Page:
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From "Martin Cooper" <mart...@apache.org>
Subject Re: Why doesn't ActionForm's constructor have access to HttpServletRequest?
Date Tue, 03 Feb 2004 02:59:49 GMT
I can't read Craig's mind ;-) , but I would say that the main reason an
ActionForm's constructor doesn't get passed the request (or anything else)
is because it is (intended to be) a form *bean*. One of the primary
characteristics of a JavaBean is that is that it must have a no-args
constructor. That allows it to be instantiated from anywhere. Passing a
request instance to the constructor presupposes that an ActionForm is
constructed only in the context of a request.

A secondary reason, in my mind, is that passing a request to the constructor
would encourage people to stash it away as member data, which would not be
too cool if the bean was created in session scope...

--
Martin Cooper


"Jeff Skubick" <jeff.skubick@mci.com> wrote in message
news:003a01c3e9dd$43229550$92a238a6@mcilink.com...
Is the absence of a reference to the HttpServletRequest object that
triggered the creation of a new ActionForm object in its constructor a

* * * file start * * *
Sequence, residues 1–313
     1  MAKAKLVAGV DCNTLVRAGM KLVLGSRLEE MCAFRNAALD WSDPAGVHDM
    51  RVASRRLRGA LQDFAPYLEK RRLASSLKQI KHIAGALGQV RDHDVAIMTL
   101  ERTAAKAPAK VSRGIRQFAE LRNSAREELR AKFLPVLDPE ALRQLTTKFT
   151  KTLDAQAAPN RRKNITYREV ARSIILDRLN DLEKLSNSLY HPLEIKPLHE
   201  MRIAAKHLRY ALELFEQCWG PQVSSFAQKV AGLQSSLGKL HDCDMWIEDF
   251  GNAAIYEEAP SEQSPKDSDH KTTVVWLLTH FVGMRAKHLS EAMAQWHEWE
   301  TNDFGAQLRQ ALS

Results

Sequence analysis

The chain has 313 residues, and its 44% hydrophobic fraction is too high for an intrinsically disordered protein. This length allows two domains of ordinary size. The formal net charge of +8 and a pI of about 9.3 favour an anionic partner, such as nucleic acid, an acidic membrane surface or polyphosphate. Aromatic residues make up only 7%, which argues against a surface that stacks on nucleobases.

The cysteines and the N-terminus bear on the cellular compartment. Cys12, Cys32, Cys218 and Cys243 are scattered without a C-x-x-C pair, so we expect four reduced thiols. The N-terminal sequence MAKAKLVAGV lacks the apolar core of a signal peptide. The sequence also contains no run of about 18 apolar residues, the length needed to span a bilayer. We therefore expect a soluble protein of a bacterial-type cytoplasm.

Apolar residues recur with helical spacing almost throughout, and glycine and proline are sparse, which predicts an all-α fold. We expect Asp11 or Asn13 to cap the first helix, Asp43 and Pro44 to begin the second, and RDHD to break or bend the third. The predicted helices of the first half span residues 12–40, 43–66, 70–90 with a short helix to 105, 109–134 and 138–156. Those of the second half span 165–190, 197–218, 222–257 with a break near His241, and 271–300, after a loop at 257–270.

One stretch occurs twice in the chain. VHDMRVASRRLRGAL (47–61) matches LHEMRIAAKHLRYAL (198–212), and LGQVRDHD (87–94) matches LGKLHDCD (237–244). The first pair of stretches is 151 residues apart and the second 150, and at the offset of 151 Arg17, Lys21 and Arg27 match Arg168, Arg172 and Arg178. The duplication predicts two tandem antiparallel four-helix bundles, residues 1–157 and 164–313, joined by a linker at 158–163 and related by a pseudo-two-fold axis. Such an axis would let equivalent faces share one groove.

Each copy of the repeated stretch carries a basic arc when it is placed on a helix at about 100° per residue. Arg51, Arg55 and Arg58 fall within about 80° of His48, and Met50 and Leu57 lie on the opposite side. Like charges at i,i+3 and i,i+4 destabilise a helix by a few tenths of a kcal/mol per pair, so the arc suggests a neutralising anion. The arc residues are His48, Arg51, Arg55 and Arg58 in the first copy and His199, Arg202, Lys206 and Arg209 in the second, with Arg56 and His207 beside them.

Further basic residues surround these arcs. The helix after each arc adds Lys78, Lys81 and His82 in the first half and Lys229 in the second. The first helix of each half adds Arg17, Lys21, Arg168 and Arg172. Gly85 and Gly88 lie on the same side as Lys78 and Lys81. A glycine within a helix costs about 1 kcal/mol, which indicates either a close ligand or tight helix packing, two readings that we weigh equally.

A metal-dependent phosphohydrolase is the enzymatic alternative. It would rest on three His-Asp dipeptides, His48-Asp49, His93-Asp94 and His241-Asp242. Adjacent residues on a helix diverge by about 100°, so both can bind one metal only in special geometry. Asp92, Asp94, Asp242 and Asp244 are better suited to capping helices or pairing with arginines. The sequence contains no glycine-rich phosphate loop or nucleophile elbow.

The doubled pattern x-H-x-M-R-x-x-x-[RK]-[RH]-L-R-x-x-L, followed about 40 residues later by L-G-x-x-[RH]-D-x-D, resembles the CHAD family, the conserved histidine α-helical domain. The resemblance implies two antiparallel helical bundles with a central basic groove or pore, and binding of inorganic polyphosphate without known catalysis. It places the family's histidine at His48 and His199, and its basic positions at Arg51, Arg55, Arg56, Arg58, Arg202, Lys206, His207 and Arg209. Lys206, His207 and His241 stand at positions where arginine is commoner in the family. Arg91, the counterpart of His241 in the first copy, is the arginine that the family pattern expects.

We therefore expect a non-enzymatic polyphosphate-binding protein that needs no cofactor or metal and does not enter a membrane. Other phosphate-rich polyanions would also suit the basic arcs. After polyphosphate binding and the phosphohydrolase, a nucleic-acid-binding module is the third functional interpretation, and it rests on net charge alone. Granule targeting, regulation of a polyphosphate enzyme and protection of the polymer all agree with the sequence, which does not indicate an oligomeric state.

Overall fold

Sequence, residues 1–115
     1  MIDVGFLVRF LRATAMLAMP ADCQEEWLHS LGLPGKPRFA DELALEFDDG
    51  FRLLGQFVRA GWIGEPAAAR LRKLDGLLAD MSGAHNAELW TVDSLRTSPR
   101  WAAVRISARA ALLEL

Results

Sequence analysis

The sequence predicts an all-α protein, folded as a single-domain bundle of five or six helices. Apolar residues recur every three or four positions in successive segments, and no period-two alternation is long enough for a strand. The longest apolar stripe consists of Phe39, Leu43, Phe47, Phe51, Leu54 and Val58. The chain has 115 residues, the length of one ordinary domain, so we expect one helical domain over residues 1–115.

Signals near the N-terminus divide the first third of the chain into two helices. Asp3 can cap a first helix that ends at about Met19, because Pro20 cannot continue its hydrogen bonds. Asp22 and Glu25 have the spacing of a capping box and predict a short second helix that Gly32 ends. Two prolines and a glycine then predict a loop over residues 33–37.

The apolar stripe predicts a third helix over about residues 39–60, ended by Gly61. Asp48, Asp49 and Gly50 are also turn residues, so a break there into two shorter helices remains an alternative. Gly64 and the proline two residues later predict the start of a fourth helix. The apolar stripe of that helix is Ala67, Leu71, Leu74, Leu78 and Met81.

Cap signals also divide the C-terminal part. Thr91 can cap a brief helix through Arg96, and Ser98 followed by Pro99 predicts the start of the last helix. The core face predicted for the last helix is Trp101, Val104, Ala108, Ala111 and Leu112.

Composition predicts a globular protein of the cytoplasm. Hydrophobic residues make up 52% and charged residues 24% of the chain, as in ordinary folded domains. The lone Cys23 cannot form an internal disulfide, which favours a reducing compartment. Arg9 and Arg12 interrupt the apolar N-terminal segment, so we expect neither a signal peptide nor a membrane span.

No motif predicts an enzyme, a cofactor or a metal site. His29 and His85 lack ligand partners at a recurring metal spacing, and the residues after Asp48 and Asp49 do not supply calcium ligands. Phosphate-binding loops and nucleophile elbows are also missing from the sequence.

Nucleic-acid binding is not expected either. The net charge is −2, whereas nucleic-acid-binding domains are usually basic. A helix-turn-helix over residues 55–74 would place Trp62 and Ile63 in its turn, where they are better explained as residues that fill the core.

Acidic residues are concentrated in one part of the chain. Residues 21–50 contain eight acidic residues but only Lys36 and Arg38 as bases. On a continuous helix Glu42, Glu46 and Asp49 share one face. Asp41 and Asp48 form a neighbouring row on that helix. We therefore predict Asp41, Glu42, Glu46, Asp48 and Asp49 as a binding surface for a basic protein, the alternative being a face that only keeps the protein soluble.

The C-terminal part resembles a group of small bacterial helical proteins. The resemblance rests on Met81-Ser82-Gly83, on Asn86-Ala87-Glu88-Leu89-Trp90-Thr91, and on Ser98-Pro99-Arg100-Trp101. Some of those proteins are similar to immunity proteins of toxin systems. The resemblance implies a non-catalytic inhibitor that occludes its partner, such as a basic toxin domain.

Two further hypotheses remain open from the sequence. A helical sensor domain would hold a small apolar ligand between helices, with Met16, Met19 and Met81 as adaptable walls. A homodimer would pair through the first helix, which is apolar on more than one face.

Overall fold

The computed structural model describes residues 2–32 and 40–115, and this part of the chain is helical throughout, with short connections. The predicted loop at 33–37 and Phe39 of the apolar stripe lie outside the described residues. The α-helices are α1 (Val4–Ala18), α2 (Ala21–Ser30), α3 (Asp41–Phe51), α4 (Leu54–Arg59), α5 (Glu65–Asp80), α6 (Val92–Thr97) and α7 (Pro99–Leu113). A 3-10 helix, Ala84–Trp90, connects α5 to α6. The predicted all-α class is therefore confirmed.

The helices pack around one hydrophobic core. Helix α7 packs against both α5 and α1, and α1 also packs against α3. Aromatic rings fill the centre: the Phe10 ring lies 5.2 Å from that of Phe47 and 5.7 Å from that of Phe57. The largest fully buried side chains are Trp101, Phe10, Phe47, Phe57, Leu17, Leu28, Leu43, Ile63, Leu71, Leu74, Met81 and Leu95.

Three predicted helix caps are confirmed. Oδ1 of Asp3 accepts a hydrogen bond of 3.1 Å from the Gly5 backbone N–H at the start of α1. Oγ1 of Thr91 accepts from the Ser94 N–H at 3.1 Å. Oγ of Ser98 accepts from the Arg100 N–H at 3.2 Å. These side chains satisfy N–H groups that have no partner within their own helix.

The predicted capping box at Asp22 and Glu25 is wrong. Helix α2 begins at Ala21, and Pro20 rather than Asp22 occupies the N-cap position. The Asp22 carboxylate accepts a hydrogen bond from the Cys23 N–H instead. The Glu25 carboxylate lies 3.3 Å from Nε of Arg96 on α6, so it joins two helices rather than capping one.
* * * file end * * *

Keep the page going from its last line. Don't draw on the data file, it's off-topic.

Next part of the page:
historical artifact or oversight, or was it an intentional decision whose
motivation and rationale remains 100% valid and relevant today?

At the moment, I'm in a quandry. I see no way to usefully use nested form
beans to encapsulate administrable users in my web app without somehow
getting a hold of a list of objects representing those administrable users
from the session context of the user who's administering them (the list's
composition depends partially upon the user doing the administration) so I
can prepopulate the list for its initial display.

On the other hand, I'm worried that ActionForm's original creator was
absolutely determined to keep ActionForm's constructor from ever knowing
anything about the user or request that triggered its creation in the first
place for some reason, like Struts casually re-using old ActionForm
instances to satisfy new requests. On the other hand, I know it might just
be a historical artifact that seemed like a good idea at the time, but
doesn't really have any major implications either way.

So... if I implement my own RequestProcessor class that overrides the
default processActionForm method to call my own ActionForm-extending bean's
constructor an explicitly pass it a reference to the HttpServletRequest
object so it can fetch the HttpSession object and find the object that tells
it everything else it needs to know to pre-populate the form bean prior to
display, am I violating any sacred assumption made by other parts of Struts?
Or am I OK?




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